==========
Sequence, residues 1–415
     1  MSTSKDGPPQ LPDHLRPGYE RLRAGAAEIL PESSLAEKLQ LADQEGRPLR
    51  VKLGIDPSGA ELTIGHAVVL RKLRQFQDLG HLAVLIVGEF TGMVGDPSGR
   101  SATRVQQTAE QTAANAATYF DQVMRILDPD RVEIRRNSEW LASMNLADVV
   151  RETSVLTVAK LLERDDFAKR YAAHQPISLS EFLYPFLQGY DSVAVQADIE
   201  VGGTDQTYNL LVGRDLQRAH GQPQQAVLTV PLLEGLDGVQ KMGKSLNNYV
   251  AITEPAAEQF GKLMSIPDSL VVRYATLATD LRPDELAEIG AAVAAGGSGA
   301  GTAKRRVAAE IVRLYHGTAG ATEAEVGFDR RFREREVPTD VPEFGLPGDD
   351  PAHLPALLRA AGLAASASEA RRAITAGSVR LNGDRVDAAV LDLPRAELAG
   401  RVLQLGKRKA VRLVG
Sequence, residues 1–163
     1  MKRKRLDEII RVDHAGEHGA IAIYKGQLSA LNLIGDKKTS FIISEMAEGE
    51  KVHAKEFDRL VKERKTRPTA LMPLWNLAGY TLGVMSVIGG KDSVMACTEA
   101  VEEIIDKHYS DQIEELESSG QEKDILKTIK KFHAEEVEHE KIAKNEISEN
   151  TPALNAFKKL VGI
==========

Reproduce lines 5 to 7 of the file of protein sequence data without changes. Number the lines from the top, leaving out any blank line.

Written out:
   151  RETSVLTVAK LLERDDFAKR YAAHQPISLS EFLYPFLQGY DSVAVQADIE
   201  VGGTDQTYNL LVGRDLQRAH GQPQQAVLTV PLLEGLDGVQ KMGKSLNNYV
   251  AITEPAAEQF GKLMSIPDSL VVRYATLATD LRPDELAEIG AAVAAGGSGA